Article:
Tag Archives: Pentecostalism

Noised Abroad: Pentecostals Disturb the Peace

Exuberant worship has always been a hallmark of the Pentecostal experience.  On the Day of Pentecost, crowds gathered to observe believers caught up in an ecstasy of worship.  Their behaviour must have seemed rowdy and disruptive, since the outpouring was “noised abroad” and Peter offered the famous qualifier:  “For these are not drunken, as ye […]

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“The Lady Evangelist”: Maria Woodworth-Etter and the Pentecostals

In 1912, Maria Woodworth-Etter burst on the Pentecostal scene, holding meetings at F.F. Bosworth’s influential church in Dallas, Texas1. From the beginnings of her ministry in Lisbon, Ohio in 1880, Woodworth-Etter had made a name as a flamboyant and zealous evangelist, preaching holiness and healing, and her emphasis on the name of Jesus and power […]

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Pandita Ramabai: Mother of India – Part Two of Two

Read Part One In 1898, Minnie Abrams, a Methodist Episcopal missionary, joined Pandita Ramabai’s expanded work in Khedgaon, Mukti Mission. Together, these women labored to offer daily religious teaching. A revival was arranged with Rev. W.W. Bruere. After three days of preaching, 67 were converted to Christianity; and at a subsequent baptismal service, 108 women and […]

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Into All the World: Azusa Missionary Efforts

For the earliest Pentecostals, the outpouring of the Holy Ghost signaled God’s greatest restoration of apostolic power to the end-time Church. Spirit-baptized believers responded with urgency to the call to carry the Full Gospel message to the uttermost parts of the earth. While some well-intentioned messengers ultimately failed in their missions due to poor planning, […]

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Holy Rollerism

  Holy Roller was an early assignation to Pentecostals, but the term is an Americanism that has existed since the mid-nineteenth century. In 1842, Holy Rollers were identified in the Southern Quarterly Review, published in New Orleans, as a “new species of religion,” and was loosely used for decades to refer to any Christian religions […]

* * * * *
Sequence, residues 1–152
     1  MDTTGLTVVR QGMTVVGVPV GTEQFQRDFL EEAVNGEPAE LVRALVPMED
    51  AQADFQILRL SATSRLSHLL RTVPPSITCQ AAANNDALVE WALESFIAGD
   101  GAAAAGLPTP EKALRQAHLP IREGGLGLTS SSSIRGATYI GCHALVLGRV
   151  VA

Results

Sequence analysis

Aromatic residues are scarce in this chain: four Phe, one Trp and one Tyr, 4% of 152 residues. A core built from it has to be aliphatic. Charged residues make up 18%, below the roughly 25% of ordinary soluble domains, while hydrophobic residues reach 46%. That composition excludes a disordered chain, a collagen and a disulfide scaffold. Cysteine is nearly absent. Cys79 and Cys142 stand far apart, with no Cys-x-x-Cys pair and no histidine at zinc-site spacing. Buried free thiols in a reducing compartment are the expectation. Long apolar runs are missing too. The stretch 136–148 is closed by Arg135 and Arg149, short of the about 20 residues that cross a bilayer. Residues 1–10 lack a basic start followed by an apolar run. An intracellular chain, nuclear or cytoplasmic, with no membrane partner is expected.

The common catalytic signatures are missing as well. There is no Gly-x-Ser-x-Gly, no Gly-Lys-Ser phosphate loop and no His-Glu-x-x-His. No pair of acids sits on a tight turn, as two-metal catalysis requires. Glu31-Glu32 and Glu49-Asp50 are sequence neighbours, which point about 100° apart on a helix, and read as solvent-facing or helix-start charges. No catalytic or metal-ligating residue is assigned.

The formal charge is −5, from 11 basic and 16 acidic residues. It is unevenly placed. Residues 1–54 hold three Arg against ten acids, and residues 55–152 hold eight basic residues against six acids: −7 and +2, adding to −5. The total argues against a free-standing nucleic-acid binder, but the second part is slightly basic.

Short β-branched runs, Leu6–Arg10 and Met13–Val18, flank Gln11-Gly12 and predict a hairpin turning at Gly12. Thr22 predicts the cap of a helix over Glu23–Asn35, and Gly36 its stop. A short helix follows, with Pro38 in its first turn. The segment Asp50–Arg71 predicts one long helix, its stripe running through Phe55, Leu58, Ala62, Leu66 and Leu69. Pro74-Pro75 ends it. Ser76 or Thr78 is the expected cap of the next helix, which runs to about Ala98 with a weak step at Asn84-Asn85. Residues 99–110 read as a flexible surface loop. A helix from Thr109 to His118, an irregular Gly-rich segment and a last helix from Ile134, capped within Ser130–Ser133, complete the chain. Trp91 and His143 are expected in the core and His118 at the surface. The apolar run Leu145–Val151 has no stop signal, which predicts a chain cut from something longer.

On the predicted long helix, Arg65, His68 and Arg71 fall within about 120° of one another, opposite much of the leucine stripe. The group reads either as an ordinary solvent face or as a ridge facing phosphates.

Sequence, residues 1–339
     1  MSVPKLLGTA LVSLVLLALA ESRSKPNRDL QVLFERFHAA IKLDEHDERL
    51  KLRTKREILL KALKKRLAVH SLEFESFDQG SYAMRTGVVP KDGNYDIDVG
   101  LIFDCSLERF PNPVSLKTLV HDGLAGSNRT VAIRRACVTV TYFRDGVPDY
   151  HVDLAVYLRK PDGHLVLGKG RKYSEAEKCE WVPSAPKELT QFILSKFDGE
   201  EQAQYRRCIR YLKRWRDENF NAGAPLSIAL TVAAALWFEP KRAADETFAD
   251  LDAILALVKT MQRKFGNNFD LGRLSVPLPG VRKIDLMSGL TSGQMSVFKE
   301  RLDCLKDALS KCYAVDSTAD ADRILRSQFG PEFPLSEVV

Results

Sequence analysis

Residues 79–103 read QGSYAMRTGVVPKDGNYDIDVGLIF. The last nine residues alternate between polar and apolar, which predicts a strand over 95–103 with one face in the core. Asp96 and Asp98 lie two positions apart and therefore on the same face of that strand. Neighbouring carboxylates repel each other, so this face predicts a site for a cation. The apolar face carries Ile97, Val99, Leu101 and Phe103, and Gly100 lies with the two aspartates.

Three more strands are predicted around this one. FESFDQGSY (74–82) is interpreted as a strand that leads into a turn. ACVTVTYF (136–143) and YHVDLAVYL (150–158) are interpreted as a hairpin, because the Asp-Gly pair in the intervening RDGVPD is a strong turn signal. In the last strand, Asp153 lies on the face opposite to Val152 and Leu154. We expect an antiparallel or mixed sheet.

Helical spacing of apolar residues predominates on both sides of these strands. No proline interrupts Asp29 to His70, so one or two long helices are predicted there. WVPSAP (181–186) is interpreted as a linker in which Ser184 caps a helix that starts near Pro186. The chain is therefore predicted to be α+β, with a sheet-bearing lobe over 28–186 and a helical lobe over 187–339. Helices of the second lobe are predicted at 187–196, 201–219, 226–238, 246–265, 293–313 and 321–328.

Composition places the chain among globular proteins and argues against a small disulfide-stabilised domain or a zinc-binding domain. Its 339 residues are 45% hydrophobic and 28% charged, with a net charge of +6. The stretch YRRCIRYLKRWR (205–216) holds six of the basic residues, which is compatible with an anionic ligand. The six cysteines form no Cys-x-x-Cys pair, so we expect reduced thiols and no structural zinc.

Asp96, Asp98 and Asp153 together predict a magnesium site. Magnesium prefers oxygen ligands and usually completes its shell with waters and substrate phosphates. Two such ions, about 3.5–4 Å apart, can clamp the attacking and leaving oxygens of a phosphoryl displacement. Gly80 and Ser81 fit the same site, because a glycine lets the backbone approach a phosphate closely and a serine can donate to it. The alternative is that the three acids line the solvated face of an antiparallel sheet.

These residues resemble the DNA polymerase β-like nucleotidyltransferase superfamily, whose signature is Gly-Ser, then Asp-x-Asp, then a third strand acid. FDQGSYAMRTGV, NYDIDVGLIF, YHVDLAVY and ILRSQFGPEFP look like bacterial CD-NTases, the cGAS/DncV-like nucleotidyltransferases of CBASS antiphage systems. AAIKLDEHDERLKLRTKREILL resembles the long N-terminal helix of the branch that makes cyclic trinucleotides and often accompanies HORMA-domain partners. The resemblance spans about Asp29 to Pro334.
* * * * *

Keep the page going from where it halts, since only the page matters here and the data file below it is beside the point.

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The Fracture of 1924

  In 1918, the General Assembly of Apostolic Assemblies (GAAA) and the Pentecostal Assemblies of the World merged, unifying Oneness Pentecostals into a large, interracial body. After being ousted from the Assemblies of God in 1916, the “Jesus Only” faction soon organized into the GAAA under the leadership of Daniel C. O. Opperman. The organization […]

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Morjoe Gortner

  The story of Marjoe Gortner is a cautionary tale about the pitfalls of Pentecostal showmanship interlaced with hypocrisy, greed, and evangelistic gimmicks.  In 1972, the one-time child evangelist took to the revival circuit to produce a self-titled exposé on the “big business” of religion, duping church after church, posing as a prodigal son and […]

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Cautionary Remarks From An Azusa Pioneer

In 1925, Frank Bartleman, a journalist and itinerant Holiness evangelist turned Pentecostal wrote How Pentecost Came to Los Angeles, recording his close recollections of the Azusa Street revival, which began in 1906.  Writing fifteen years after the initial outpouring that brought thousands into the fledgling movement, Bartleman offers poignant criticisms of Pentecostals, who by the […]

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Man with a Mission: Frank Bartleman at Eighth and Maple

by Matthew Shaw Frank Bartleman, who was so instrumental in the advent of Pentecost in Los Angeles, was an itinerant in spirit.  He was possessed of a mild but mercurial nature, which led him hither and yon working for the cause of the Kingdom.  Bro. Bartleman seemed always to be looking for the next deeper […]

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Frank Emerson Curts: Laborer for Christ

Famed Indiana author, Kurt Vonnegut, once wrote: “I don’t know what it is about Hoosiers. But wherever you go there is always a Hoosier doing something very important there.” This was certainly true of the late Superintendent of the Ohio District of the United Pentecostal Church, Bro. Frank Curts, who hailed from Indiana but spent […]

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